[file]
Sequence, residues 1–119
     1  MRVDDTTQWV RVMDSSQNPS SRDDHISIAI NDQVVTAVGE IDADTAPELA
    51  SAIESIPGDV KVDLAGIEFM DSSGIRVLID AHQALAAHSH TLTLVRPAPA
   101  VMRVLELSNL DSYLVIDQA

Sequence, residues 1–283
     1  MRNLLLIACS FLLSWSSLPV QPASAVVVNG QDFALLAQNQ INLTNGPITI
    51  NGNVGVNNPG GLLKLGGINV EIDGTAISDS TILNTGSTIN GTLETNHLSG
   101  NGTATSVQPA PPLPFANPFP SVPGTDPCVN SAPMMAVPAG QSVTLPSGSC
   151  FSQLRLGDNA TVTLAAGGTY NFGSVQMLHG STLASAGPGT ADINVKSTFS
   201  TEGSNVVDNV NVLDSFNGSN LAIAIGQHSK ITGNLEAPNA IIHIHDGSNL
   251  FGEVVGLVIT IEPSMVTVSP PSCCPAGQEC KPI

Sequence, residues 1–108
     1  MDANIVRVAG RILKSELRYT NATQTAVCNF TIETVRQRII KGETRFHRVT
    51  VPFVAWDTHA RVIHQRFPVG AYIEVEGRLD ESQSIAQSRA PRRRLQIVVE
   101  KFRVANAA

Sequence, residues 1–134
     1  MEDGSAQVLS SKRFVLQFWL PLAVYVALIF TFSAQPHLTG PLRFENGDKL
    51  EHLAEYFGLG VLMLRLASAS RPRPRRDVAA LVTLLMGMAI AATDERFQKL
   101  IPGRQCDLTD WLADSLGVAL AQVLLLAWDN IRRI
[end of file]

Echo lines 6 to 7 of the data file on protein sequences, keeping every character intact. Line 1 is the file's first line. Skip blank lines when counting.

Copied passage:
     1  MRNLLLIACS FLLSWSSLPV QPASAVVVNG QDFALLAQNQ INLTNGPITI
    51  NGNVGVNNPG GLLKLGGINV EIDGTAISDS TILNTGSTIN GTLETNHLSG